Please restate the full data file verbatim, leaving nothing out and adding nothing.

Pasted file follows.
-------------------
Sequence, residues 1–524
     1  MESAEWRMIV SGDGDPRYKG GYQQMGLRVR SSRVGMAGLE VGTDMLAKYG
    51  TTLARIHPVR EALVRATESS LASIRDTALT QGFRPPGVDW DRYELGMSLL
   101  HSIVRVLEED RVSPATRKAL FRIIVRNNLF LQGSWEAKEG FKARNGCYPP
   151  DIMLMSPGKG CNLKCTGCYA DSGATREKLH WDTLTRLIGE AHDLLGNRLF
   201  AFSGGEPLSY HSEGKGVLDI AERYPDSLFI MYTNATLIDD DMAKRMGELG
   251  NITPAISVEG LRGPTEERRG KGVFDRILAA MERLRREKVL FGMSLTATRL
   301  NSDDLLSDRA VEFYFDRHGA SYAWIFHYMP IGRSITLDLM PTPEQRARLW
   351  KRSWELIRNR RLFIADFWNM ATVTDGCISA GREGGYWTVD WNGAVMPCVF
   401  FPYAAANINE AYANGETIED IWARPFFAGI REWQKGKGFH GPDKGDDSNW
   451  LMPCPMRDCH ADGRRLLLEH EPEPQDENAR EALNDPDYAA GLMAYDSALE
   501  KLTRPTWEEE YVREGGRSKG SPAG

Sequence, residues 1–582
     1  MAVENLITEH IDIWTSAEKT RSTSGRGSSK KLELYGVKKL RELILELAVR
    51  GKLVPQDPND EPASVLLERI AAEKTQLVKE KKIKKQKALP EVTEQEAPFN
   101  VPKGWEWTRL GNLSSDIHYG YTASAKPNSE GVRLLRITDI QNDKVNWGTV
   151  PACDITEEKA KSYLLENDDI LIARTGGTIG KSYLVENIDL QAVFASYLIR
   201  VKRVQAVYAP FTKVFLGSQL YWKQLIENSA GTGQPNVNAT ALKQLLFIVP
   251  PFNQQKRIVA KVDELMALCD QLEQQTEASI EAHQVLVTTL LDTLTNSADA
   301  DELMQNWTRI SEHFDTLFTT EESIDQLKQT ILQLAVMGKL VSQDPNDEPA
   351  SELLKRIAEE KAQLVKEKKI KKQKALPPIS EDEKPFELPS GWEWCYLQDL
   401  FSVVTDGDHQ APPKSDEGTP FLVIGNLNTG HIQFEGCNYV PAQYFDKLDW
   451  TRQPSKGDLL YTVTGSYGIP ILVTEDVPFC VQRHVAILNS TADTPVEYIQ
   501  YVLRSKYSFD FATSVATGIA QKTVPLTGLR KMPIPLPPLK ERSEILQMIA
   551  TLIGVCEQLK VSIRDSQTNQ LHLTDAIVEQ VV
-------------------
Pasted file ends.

Sequence, residues 1–524
     1  MESAEWRMIV SGDGDPRYKG GYQQMGLRVR SSRVGMAGLE VGTDMLAKYG
    51  TTLARIHPVR EALVRATESS LASIRDTALT QGFRPPGVDW DRYELGMSLL
   101  HSIVRVLEED RVSPATRKAL FRIIVRNNLF LQGSWEAKEG FKARNGCYPP
   151  DIMLMSPGKG CNLKCTGCYA DSGATREKLH WDTLTRLIGE AHDLLGNRLF
   201  AFSGGEPLSY HSEGKGVLDI AERYPDSLFI MYTNATLIDD DMAKRMGELG
   251  NITPAISVEG LRGPTEERRG KGVFDRILAA MERLRREKVL FGMSLTATRL
   301  NSDDLLSDRA VEFYFDRHGA SYAWIFHYMP IGRSITLDLM PTPEQRARLW
   351  KRSWELIRNR RLFIADFWNM ATVTDGCISA GREGGYWTVD WNGAVMPCVF
   401  FPYAAANINE AYANGETIED IWARPFFAGI REWQKGKGFH GPDKGDDSNW
   451  LMPCPMRDCH ADGRRLLLEH EPEPQDENAR EALNDPDYAA GLMAYDSALE
   501  KLTRPTWEEE YVREGGRSKG SPAG

Sequence, residues 1–582
     1  MAVENLITEH IDIWTSAEKT RSTSGRGSSK KLELYGVKKL RELILELAVR
    51  GKLVPQDPND EPASVLLERI AAEKTQLVKE KKIKKQKALP EVTEQEAPFN
   101  VPKGWEWTRL GNLSSDIHYG YTASAKPNSE GVRLLRITDI QNDKVNWGTV
   151  PACDITEEKA KSYLLENDDI LIARTGGTIG KSYLVENIDL QAVFASYLIR
   201  VKRVQAVYAP FTKVFLGSQL YWKQLIENSA GTGQPNVNAT ALKQLLFIVP
   251  PFNQQKRIVA KVDELMALCD QLEQQTEASI EAHQVLVTTL LDTLTNSADA
   301  DELMQNWTRI SEHFDTLFTT EESIDQLKQT ILQLAVMGKL VSQDPNDEPA
   351  SELLKRIAEE KAQLVKEKKI KKQKALPPIS EDEKPFELPS GWEWCYLQDL
   401  FSVVTDGDHQ APPKSDEGTP FLVIGNLNTG HIQFEGCNYV PAQYFDKLDW
   451  TRQPSKGDLL YTVTGSYGIP ILVTEDVPFC VQRHVAILNS TADTPVEYIQ
   501  YVLRSKYSFD FATSVATGIA QKTVPLTGLR KMPIPLPPLK ERSEILQMIA
   551  TLIGVCEQLK VSIRDSQTNQ LHLTDAIVEQ VV